Standing on the back stoop of the institute, viewing the mountains at sunset I was equally aglow with warm feelings as I remembered the camaraderie of developing the Kon-Tiki kiln with Hans-Peter just a year earlier. With Kon-Tiki kilns now existing in 38 countries, we intended to spend the next week testing new designs and searching for further understanding of the operating parameters of the kiln.
Next morning a gleaming new garden kiln (1.15 m diameter) with an integral conical heat shield and a conical rim deflector arrived from Northern Switzerland along with its manufacturer, Markus Koller. It certainly looked elegant – but how would it perform?
Over the next days we compared the new double cone kiln with the classic garden kiln (same inner cone with cylindrical shield), and also with our old friend the 1.5m deep cone Kon-Tiki, the 2.5m Kon-Tiki Pro, and a miniature 0.7m diameter cone.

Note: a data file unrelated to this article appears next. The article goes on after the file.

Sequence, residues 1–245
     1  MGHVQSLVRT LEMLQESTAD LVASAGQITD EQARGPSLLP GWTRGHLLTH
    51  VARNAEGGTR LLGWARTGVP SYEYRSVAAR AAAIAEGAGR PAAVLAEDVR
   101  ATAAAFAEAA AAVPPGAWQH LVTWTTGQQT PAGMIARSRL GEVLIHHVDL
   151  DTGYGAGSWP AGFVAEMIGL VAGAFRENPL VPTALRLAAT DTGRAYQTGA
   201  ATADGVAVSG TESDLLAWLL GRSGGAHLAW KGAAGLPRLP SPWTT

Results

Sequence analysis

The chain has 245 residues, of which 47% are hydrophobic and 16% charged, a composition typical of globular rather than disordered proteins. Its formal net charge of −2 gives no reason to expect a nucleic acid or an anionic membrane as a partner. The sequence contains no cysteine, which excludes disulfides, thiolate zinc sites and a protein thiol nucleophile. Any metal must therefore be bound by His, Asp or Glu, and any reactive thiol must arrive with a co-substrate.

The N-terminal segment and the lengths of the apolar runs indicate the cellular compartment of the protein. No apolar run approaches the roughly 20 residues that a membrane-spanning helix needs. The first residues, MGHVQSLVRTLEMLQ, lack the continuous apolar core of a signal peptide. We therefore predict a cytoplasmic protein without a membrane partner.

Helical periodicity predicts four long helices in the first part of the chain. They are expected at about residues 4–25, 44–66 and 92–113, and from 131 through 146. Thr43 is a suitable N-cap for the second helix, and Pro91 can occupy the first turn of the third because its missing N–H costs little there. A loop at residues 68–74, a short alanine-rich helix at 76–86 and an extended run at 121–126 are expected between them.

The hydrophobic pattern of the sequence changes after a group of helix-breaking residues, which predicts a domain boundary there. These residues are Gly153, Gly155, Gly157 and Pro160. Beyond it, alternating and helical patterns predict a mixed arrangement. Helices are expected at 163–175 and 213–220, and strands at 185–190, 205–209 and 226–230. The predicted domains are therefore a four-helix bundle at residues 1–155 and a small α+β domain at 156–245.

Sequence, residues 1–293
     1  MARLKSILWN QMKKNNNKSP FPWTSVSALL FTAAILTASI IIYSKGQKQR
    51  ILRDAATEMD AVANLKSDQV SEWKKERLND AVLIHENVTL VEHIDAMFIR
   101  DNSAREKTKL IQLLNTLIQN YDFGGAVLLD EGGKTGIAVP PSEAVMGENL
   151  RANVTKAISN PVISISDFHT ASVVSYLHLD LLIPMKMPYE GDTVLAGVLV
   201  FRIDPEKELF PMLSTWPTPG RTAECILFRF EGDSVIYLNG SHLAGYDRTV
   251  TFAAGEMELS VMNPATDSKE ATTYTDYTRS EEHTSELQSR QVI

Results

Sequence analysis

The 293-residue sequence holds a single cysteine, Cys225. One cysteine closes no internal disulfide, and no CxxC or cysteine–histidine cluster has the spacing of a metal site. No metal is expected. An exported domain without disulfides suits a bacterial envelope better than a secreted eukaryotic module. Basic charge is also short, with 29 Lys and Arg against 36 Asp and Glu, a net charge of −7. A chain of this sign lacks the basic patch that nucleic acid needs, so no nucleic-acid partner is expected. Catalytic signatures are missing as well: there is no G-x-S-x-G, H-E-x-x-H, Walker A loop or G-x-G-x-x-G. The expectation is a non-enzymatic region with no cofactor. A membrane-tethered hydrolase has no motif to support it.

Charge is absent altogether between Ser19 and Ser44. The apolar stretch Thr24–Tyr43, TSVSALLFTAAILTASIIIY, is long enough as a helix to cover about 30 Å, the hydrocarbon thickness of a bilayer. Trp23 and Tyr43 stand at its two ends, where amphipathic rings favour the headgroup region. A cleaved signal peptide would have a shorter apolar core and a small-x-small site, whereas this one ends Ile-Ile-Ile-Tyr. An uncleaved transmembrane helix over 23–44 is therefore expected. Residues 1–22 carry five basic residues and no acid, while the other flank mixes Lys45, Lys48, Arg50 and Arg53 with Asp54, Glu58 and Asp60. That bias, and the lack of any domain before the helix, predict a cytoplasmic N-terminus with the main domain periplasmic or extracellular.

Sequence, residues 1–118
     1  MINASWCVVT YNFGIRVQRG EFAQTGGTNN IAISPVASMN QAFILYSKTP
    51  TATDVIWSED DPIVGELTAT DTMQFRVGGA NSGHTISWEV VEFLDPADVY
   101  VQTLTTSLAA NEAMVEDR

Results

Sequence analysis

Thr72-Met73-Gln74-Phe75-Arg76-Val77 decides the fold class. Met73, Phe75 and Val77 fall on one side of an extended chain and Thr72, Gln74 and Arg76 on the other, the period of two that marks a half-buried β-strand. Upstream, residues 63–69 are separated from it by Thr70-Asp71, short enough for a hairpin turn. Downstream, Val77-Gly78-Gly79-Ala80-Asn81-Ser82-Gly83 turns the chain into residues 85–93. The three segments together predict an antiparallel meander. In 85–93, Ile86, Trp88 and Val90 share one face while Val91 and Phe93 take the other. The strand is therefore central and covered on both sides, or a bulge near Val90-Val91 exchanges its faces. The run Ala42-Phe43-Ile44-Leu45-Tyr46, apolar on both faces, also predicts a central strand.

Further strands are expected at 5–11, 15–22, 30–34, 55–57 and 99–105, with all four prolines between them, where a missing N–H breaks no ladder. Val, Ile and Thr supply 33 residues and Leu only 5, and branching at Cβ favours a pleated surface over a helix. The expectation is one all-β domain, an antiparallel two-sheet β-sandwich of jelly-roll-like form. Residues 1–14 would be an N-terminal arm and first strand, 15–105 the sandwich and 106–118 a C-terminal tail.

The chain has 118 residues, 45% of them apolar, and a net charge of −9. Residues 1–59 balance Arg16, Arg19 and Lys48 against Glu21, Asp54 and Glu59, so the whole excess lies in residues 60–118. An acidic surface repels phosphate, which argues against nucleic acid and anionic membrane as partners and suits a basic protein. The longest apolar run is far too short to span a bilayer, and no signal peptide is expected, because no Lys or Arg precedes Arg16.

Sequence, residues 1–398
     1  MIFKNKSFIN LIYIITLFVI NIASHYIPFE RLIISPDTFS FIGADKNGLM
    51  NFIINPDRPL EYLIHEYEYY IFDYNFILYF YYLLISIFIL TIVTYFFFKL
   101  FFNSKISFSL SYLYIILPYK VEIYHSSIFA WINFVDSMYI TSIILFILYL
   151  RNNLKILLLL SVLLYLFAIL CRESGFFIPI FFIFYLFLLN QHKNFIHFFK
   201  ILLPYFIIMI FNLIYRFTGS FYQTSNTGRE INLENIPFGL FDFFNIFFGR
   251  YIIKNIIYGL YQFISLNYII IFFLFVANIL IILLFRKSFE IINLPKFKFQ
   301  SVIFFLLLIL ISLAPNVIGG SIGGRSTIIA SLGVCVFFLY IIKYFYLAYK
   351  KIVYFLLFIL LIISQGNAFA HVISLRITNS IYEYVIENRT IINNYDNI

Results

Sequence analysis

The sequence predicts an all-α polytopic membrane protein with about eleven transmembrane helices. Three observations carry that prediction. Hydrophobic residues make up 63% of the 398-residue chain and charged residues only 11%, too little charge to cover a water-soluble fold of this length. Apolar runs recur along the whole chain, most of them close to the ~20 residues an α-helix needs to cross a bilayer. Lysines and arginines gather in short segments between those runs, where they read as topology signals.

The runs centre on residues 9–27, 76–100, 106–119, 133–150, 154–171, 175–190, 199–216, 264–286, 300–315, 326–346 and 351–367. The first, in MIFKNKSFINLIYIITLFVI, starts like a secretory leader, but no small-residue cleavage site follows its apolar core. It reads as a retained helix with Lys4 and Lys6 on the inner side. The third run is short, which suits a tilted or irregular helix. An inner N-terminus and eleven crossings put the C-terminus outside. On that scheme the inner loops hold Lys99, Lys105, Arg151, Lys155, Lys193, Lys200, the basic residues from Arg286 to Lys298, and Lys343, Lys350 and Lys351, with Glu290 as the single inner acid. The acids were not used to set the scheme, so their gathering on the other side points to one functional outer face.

We weighed grapevine feedstock, observed convection dynamics, measured temperatures and air flow rates, used smoke sticks to follow the streamlines, hot quenched with water or nutrient mixtures, sampled and weighed biochars, oven dried and measured moisture contents. We calculated airflow rates, mass balances, nutrient balances, and yields. We deepened our ongoing discussions and understandings of convection, pyrolysis, combustion dynamics, functional groups, carbon yields, and how to capture heat generated during production.
Amongst it all we didn't neglect to discus quantum biology, cosmology, entropy, mythology, and the meaning of life accompanied by the odd dive into a pristine mountain lake and the occasional celebratory glass of Mythopia red champagne. We look forward to sharing with you our understandings in upcoming articles. Blessed be the first year of the Kon-Tiki voyage ! Paul Taylor